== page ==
Google Research

Predicting the risk of developing diabetic retinopathy using deep learning

Lancet Digital Health (2020)


Background: Diabetic retinopathy screening is instrumental to preventing blindness, but scaling up screening is challenging because of the increasing number of patients with all forms of diabetes. We aimed to create a deep-learning system to predict the risk of patients with diabetes developing diabetic retinopathy within 2 years.

Methods: We created and validated two versions of a deep-learning system to predict the development of diabetic retinopathy in patients with diabetes who had had teleretinal diabetic retinopathy screening in a primary care setting. The input for the two versions was either a set of three-field or one-field colour fundus photographs. Of the 575 431 eyes in the development set 28 899 had known outcomes, with the remaining 546 532 eyes used to augment the training process via multitask learning. Validation was done on one eye (selected at random) per patient from two datasets: an internal validation (from EyePACS, a teleretinal screening service in the USA) set of 3678 eyes with known outcomes and an external validation (from Thailand) set of 2345 eyes with known outcomes.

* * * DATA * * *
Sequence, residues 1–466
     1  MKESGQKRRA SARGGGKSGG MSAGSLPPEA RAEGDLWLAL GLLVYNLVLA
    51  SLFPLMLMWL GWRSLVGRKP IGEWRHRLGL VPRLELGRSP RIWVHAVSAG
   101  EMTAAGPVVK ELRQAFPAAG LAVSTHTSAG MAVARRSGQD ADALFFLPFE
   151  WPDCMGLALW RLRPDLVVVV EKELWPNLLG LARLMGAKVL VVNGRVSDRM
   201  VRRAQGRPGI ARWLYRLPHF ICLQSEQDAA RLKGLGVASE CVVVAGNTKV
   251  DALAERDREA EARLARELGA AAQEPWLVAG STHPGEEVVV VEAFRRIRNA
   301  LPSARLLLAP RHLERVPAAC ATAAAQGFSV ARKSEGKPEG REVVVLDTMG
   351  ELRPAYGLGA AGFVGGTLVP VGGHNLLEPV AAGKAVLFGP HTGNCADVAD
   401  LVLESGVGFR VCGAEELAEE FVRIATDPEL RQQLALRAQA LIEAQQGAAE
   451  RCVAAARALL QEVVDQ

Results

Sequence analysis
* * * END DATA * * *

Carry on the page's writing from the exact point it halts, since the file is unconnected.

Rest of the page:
Findings: The three-field deep-learning system had an area under the receiver operating characteristic curve (AUC) of 0·79 (95% CI 0·77–0·81) in the internal validation set. Assessment of the external validation set—which contained only one-field colour fundus photographs—with the one-field deep-learning system gave an AUC of 0·70 (0·67–0·74). In the internal validation set, the AUC of available risk factors was 0·72 (0·68–0·76), which improved to 0·81 (0·77–0·84) after combining the deep-learning system with these risk factors (p<0·0001). In the external validation set, the corresponding AUC improved from 0·62 (0·58–0·66) to 0·71 (0·68–0·75; p<0·0001) following the addition of the deep-learning system to available risk factors.

Interpretation: The deep-learning systems predicted diabetic retinopathy development using colour fundus photographs, and the systems were independent of and more informative than available risk factors. Such a risk stratification tool might help to optimise screening intervals to reduce costs while improving vision-related outcomes.

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